Advertisement
YOU ARE HERE: LAT HomeCollectionsFixme

Retired GE Chief Lives Lavishly on Firm's Dime

September 07, 2002|From Times Wire Services

Jack Welch, who retired as chief executive of General Electric Co. last year, is still living large on the company's dime, enjoying freebies such as country club memberships and tickets to New York Knicks basketball games, according to a court filing by his wife in their divorce case.

The exhaustive catalog of expenses GE covers for Welch represents another example of corporate largess and is likely to fuel investor outrage about lush pay packages for top executives.

The papers also disclosed perks that were showered on Welch and his wife by GE during their 13-year marriage. GE pitched in more than $7.5 million of the $32.5 million the couple spent on houses and furnishings, according to the papers filed by Jane Beasley Welch in Bridgeport, Conn., and first reported in the New York Times.

GE and Welch defended the arrangement Friday.

"GE prospered during this transition period," Welch said. "During my full tenure, GE's market capitalization increased by about $400 billion, with shareowners, including myself, our employees, retirees and the like, benefiting greatly from that increase."

GE said the company has complied with all disclosure requirements and that Welch's benefits have been public for years.

The company said in its proxy statement in 2001 that after Welch's retirement it would provide him with "continued lifetime access to company facilities and services comparable to those which are currently made available to him by the company."

Welch has remained a consultant to the company.

Welch, who earned about $16.1 million in salary and bonuses from GE last year, according to regulatory filings, will continue to have free access to the corporate jet. This perk alone could be worth $3.7 million a year, analysis by an aviation consulting group hired by Welch's wife shows.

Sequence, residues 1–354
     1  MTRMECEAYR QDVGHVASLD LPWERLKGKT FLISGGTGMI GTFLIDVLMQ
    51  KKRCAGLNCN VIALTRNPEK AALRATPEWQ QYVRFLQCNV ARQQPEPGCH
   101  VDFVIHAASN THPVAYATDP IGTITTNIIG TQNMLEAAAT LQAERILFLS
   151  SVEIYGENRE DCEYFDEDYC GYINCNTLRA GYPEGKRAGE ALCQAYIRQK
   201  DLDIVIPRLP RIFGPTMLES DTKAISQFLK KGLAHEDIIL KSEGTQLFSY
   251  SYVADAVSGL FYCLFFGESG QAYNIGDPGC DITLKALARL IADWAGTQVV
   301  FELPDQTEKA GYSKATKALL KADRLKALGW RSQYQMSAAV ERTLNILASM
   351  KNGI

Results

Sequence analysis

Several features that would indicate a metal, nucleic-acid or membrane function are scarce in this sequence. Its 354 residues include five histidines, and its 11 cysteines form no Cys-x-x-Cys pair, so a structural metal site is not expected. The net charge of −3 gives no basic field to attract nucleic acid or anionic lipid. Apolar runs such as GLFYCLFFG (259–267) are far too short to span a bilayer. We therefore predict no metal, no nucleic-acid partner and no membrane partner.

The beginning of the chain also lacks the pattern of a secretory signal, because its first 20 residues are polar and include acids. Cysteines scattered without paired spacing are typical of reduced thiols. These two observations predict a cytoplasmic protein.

In addition, the company provides Welch with an apartment adjacent to New York's Central Park that the court papers value at $80,000 a month. GE helps furnish the apartment, gives him GE appliances and pays for routine expenses such as groceries, toiletries and postage. The papers did not give a dollar amount for these items.

When Welch travels, the company picks up the tab for limos and also pays for country club memberships including one at Augusta National, the exclusive club that is home to the Masters golf tournament.

The Welches separated earlier this year after public disclosures that he was having an affair with Suzy Wetlaufer, editor of the Harvard Business Review, who left her job in April.

Welch has been providing his wife $35,000 a month, an amount she accepts "under protest," according to the filing.

"Such funds are patently inadequate to maintain the marital standard of living," the filing reads.

Executive compensation has become a hot topic. Dennis Kozlowski, the former CEO of conglomerate Tyco International Ltd. who has been indicted in New York for alleged sales tax avoidance, received $135 million in company loans to fund a lavish lifestyle, according to published reports.

Nicholas Heymann, a GE analyst with Prudential Securities in New York, said the generous arrangement with Welch is unusual, but his tenure was unusually successful.

"Normally, you don't keep all of the toys when you retire," Heymann said. "Given what he did, it's not way out of control."

Shares of GE stock were up 30 cents, closing at $28.30 on the New York Stock Exchange.

*

Reuters and Associated Press were used in compiling this report.

Advertisement
Los Angeles Times Articles
|
|
|